Heol Awst Congregational Church, Carmarthen
It is not certain when the Heol Awst Independent Church was established in Carmarthen. It is believed that it was around 1660, or a little before then. It is known for certain that Stephen Hughes, the ‘Apostle of Carmarthenshire’, was responsible for establishing the church. At the beginning, the members met in a residential house on Priory Street, apparently under the care of Stephen Hughes, until his death in 1688. The members moved in 1726, when Thomas Perrott was a minister with them, to Lammas Street (Heol Awst), building the first chapel and calling in the Meeting House (Tŷ Cwrdd), as the plaque outside the chapel shows. A second building was built in 1802, and the present building was built in 1826 and opened on 4 April 1827, and it is likely that it is one of the handsomest Independent chapels.
This is the oldest chapel not only in town, but in the area, and the chapel itself is very important historically and architecturally, and people come on occasion to see the buildings. Inside (to the left of the pulpit) there is a memorial window to Stephen Hughes, the only memorial to him, and it was unveiled during the Union’s Jubilee Meetings in 1922. There are other stained glass windows in the building, including one to commemorate Dyfnallt, one of the past ministers; and two that perhaps date to the time of the building that was built in 1826. The present chapel was registered by Cadw as grade 2*.
Dyfnallt described the pulpit as a ‘witness box’ as it is entered into from the back, and the door must be closed before finding a seat. The pulpit also is an unusual shape, and initially it was much higher than ot is now, with the big seat much closer to it. On the right hand side of the pulpit is a door that lead, at one time, to the old cemetery at the back. Now it is the door to a cupboard.
Some of the most prominent ministers in Wales have been ministers her and during the time of William Evans, at the beginning of the eighteenth century, the Seminary was established in the building, which developed later into being the Presbyterian College in town. For a period of time, the church minister was the principal of Academi which was situated above what is known today as the ysgoldy (the school) and is bigger in size than many chapels in Wales. On the left as you go into the chapel gallery is the door to the old Academi, which is now locked and the key has long since been lost.
The Annual General Meetings of the Union of Welsh Independents were held for the first time in 1872 at Heol Awst, under the chairmanship of Gwilym Hiraethog. When the chapel where Gwilym Hiraethog has been a minister in Liverpool closed for the last time, his chair was transferred to Heol Awst, and it is used every Sunday. The Union was here also in 1922, during the fifty years celebration and has been here many times since then until this year (2022) when the Service of Celebration ‘Undeb 150’ will be held in the chapel.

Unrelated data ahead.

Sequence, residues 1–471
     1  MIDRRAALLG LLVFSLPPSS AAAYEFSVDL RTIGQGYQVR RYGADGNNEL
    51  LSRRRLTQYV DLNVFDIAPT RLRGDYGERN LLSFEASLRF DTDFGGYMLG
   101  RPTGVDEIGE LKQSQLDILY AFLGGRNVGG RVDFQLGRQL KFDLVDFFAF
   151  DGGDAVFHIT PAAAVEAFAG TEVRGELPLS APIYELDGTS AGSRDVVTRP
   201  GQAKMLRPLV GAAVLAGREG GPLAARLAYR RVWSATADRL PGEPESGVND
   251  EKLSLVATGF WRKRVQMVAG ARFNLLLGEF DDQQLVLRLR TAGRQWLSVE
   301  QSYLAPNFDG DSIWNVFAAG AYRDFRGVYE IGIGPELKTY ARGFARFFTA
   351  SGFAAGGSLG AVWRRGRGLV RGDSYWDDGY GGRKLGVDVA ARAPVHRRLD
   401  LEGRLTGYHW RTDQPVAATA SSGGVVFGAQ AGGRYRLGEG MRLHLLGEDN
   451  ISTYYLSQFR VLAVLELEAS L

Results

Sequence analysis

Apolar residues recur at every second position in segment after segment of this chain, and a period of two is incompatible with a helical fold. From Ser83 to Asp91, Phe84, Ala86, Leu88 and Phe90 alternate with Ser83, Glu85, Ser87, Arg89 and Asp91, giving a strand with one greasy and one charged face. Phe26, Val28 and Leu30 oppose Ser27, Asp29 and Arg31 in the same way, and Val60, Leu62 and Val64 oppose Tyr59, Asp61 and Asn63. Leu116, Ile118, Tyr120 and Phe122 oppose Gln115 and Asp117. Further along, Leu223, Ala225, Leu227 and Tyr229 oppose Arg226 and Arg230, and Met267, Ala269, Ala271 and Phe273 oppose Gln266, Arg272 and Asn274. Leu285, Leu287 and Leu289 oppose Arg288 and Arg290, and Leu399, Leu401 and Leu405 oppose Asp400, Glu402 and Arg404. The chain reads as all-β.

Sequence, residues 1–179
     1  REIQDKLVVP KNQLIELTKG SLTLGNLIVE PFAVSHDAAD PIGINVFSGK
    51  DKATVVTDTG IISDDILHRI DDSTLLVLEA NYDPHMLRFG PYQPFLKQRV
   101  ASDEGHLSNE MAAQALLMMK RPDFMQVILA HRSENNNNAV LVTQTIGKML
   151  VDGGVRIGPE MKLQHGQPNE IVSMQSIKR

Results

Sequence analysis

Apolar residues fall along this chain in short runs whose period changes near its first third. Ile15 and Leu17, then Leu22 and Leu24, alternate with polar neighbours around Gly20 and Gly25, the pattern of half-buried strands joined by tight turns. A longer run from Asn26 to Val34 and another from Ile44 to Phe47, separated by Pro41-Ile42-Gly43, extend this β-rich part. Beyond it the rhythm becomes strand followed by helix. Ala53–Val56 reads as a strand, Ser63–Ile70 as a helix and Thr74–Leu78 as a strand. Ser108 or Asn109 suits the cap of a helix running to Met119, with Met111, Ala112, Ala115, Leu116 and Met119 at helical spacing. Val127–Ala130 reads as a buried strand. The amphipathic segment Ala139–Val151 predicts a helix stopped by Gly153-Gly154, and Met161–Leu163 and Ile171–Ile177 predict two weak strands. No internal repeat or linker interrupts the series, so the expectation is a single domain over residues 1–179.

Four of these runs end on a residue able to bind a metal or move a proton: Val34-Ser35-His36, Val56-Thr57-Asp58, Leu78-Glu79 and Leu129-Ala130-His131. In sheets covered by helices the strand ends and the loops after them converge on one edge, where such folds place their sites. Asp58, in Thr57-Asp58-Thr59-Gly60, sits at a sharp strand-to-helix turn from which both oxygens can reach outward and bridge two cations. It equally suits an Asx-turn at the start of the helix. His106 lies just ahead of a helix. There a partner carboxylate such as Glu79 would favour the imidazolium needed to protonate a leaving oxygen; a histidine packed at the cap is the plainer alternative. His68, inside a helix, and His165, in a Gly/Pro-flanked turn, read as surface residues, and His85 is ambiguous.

It must be said that the lockdown has affected us, and we were shut for a long time. We have started services on a Sunday, but have not yet started all other activities as yet. The Cultural Society, held monthly during winter has been very successful. These meetings were open to all, and it was lovely to welcome people who were not members, to join us, and to be given the chance to socialise over a cup of tea at the end of the meetings.
In the same way, children and young people would come to the Sunday school. They would take part frequently in MIC events [Youth Work in Carmarthenshire] organised for the children and young people of Carmarthenshire, and in our family services, that have recommenced.
We work with other churches in town on many events and services, in Welsh and bilingually. Since we have been without a minister, an arrangement was agreed with the members of Elim, Ffynnon-ddrain to worship together, this has been a successful arrangement that continues regularly from week to week.
We collect for the local food bank and also for groups that help people in need, at home and abroad e.g. with Christian Aid, as well as for local charities. Our members also volunteer with different charities in town, and with the Newspaper for the Blind and Talking Books Wales.
We are a Fair Trade church and one happy family that meets weekly, with many of our members willing to take part in services when called upon. We hold various services and we welcome visitors warmly as they join us in worshipping our Lord.